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MIT 15 660 - Syllabus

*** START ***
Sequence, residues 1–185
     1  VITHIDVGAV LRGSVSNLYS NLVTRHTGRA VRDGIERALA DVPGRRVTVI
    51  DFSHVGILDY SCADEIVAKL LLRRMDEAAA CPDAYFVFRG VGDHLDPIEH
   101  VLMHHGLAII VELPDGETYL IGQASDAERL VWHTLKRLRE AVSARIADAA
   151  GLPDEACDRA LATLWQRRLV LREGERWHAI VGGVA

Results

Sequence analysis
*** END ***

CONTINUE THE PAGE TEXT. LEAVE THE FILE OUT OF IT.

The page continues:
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Course Overview and ObjectivesCourse Reading MaterialsRequired MaterialsOptional ReadingsCourse RequirementsClass ParticipationCourse ProjectCase Write-UpsCourse ScheduleModule 1: USING HR FOR COMPETITIVE ADVANTAGESession 1: The Strategic Importance of HRCase: Southwest Airlines: Using Human Resources for Competitive Advantage (A), Stanford Case #HR-1Session 2: Strategic Execution and Economic Value: Internal and External AlignmentCase: Portman Hotel , HBS 9-489-104Session 3: Using HR for Competitive AdvantageCase: Human Resources at the AES Corporation: The Case of the Missing Department, Stanford Case #HR-3Session 4: Using HR for Competitive AdvantageCase: Morgan Stanley: Becoming a One-Firm Firm, HBS #9-400-043Module 2: HR LeversSession 5: Performance AppraisalCase: The Firmwide 360( Performance Evaluation Process at Morgan Stanley, HBS #9-498053 and Rob Parson at Morgan Stanley (A), HBS #9-498-054Session 6: Work SystemsCase: Slade Plating Department, HBS #9-496-018Session 7: Work SystemsCases: New United Motors Manufacturing, Inc (NUMMI), Stanford Case #HR-11.Session 8: Training and DevelopmentCase: ServiceMaster Industries, Inc., HBS #9-388-064Session 9: Training and DevelopmentCase: The Men's Wearhouse: Success in a Declining Industry, Stanford Case #HR-5.Session 10: Participation and InvolvementCase: Inland Steel Industries (A) HBS#9-992-006Session 11:Participation and InvolvementFilm: Breakdown at Eastern AirlinesSession 12: Measurement and IncentivesCase: Performance Pay at Safelight Autoglass (A) HBS#9-800-291.Session 13: Measurement and IncentivesCase: Visionary Design Systems, HBS #9-495-011Session 14: Measurement and IncentivesCase: The SAS Institute: A Different Approach to Incentives and People Management Practices in the Software Industry, Stanford Case #HR-6Session 15: Measurement and IncentivesCase: Club Med (A) and (B) HBS#9-687-046 and #9-687-047Session 16: Information SharingCase: Jack Stack (A) and (B), HBS #9-993-009 and #9-993-010Session 17: Information SharingCase: PSS World Medical: The Challenges and Growth and the Financial Markets, Stanford Case #HR-12Module 3: Summary and IntegrationSession 18Case: Nordstrom Department Store. Center for Human Resources, Wharton School of the University of Pennsylvania.Session 19Final ClassSummary of Class Sessions and Assignment Due DatesApril 16April 181Professor M. Diane Burton Spring 2001E52-581 MWF(617) 253-5539 [email protected] LocationTeaching Assistant: First Class: April 2, 2001Corrine BenderskyE52-533(617) [email protected] HUMAN RESOURCE MANAGEMENT15.660Course Overview and ObjectivesThis course is about both the design and execution of human resource managementstrategies. This course has two central themes: (1) How to think systematically andstrategically about aspects of managing the organization's human assets, and (2) Whatreally needs to be done to implement these policies and to achieve competitive advantage.This course will not get into the technical details of personnel management such as thepsychometric aspects of test validation, the specifics of job evaluation methods, themechanics of interviewing, or the intricacies of employment law. These topics areprimarily relevant to those intending to be human resource professionals. Instead, thiscourse adopts the perspective of a general manager and addresses human resource topicsfrom a strategic perspective.Many managers and organizations recognize that a critical source of competitiveadvantage often comes not from having the most ingenious product design, the bestmarketing strategy, or the most state of the art production technology, but rather fromhaving an effective system for obtaining, mobilizing, and managing the organization'shuman assets. A number of recent developments, including demographic changes in thelabor force, the rapid pace of technological change, increased global competition,experiments with new organizational arrangements, and public policy attention to workforce issues, are making human resource management topics increasingly important forall managers in organizations. Although many organizations recognize the importance ofmanaging the work force effectively and even "know" what approaches are effective, it isremarkable how often firms and managers fail to implement these approaches.This course is designed to be integrative, drawing upon foundational material to whichyou have been exposed in core curriculum courses. Our orientation will be both analyticaland managerial, focusing on the development of concepts and strategies that can increaseyour effectiveness in developing policies and practices that general managers can use toenhance the value of the people in their organizations.2To integrate the conceptual and applied material the primary course material will be aseries of cases illustrating both successes and failures. You will also be provided withsupplementary readings and lectures that will supply concepts and frameworks. Eachcase will provide an opportunity to use the conceptual material in an analytic way. Tohelp focus your analysis, a set of study questions for each case is included. These can beused to guide your case preparation.It is also important that we take advantage of the experience of class members. So, whererelevant, please feel free to bring your own experiences and illustrations into classdiscussion. Throughout the course--virtually in every session--we will consider how whatwe are discussing differs across settings. Students with global experiences are especiallyencouraged to bring this knowledge into the classroom. The employment relationship inthe U.S. is different in many respects from many other countries, so it is important that asmanagers we appreciate these differences in how human resources might be frameddifferently in other cultures. If we are to meet our goal of increasing your effectiveness inmanaging human resources, it is important to explore how, why, and under whatcircumstances various approaches work. Your previous experience, both positive andnegative, is a valuable source of data for this learning.The course is divided into three sections. The first addresses the implementation ofstrategy and the importance of aligning human resource practices so that they areinternally consistent and produce the skills and behaviors required to make the strategywork. The second section addresses a number of key HR levers available to managers inthe